I was in New Orleans recently with the intention of savoring the food as much as to partake of friends and family. I set about on a culinary expedition of the Cajun-bayou kind mixed up with great helpings of French influence. The food was rich and plentiful, southern soul steeped in Louis X1V sauces. Fried chicken, okra, sausage and crawfish all graced my palate and plate.
Thus I debauched at the bottom of the mighty Mississippi, a land of plenty where the nation’s corn-basket spills out upon an ancient delta rife with issues. So I pondered… How is it that my food and the Gulf of Mexico are intrinsically connected? Continue reading
Can you hear Ella sing it?
Summertime, and the livin’ is easy
Fish are jumpin’ and the cotton is high
Oh, your daddy’s rich and your ma is good-lookin’
so hush, little baby, don’t you cry
It’s springtime in Racine, Wisconsin and the ten acres adjacent to our distribution facility lay ready for cultivation. The cover crop planted last fall had worked its subterranean magic, suppressing thistles and weeds, building topsoil, micronutrients and loam. The prolific rains had rendered the land moist and open, ready for planting. Steve Spinner’s vision for creating a Community Supported Agriculture (CSA) program near a UNFI facility was as close as placing a seed in the soil. The only hitch in this idyllic giddy-up was finding a suitable farmer willing to undertake the organic dream. Continue reading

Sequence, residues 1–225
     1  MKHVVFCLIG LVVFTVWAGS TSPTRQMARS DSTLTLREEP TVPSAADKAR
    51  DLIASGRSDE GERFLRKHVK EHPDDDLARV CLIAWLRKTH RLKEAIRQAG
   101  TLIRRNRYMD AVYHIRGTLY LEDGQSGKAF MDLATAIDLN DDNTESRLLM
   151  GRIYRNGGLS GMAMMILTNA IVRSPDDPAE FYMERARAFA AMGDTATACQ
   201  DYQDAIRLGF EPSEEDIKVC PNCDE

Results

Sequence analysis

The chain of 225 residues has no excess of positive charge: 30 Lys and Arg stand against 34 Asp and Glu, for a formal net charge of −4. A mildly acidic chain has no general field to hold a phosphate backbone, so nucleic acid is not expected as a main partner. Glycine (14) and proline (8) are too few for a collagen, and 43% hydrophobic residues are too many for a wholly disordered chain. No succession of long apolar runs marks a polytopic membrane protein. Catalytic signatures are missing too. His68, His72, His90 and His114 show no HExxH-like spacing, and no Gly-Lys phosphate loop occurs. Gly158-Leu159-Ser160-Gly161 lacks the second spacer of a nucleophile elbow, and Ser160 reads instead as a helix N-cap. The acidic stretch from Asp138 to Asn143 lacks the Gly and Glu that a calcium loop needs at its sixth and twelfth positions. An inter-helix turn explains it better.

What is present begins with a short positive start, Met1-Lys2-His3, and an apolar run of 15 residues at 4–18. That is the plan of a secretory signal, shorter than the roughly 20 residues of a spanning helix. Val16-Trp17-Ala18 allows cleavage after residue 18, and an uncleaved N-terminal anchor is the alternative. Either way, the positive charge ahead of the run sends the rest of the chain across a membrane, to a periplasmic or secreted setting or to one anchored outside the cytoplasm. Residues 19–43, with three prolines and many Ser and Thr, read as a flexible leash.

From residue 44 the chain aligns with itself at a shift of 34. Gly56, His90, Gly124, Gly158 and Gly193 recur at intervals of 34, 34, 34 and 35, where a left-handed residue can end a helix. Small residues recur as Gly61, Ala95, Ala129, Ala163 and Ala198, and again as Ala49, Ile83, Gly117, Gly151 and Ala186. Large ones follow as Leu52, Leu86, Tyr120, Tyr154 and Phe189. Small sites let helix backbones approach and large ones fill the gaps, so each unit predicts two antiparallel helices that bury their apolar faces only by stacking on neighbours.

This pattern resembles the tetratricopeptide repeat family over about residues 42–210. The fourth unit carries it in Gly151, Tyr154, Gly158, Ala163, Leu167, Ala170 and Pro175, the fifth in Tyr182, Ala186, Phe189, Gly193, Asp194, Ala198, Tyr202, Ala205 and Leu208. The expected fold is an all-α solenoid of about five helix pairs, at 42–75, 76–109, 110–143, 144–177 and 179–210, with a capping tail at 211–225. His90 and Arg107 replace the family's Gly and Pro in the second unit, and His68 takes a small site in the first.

I travel to NZ on holiday, the first time in my career when I haven’t come to this island nation to work. Many times I have traversed the Pacific to represent organic apple growers in Hawkes Bay, the planetary inverse of the Monterey Bay. This time I come to take in hot springs, catch trout in monumental Lake Taupo, and tramp through thousand-year-old kauri forests. I come to eat and relax which affords me time to reflect on this place where people treat agriculture and food in a fair and sovereign manner. Continue reading
The tilt of our magnificent globe has brought us round leaning towards the darkness. Thus we seek out colored lights, baubles, tinsel and song. This whirl of the winter solstice means the light will once again be born, and so we celebrate. You may lavish gifts, or sing choruses of carols. The glow of the menorah may light up your latkes. Or perhaps you are one who with great humbuggery rejects the entire pageant and go on a tropical vacation. However you celebrate this winter holy darkness, be you Christian, Jewish or Pagan, there are several ways you can add an organic twist to your holiday jig. Continue reading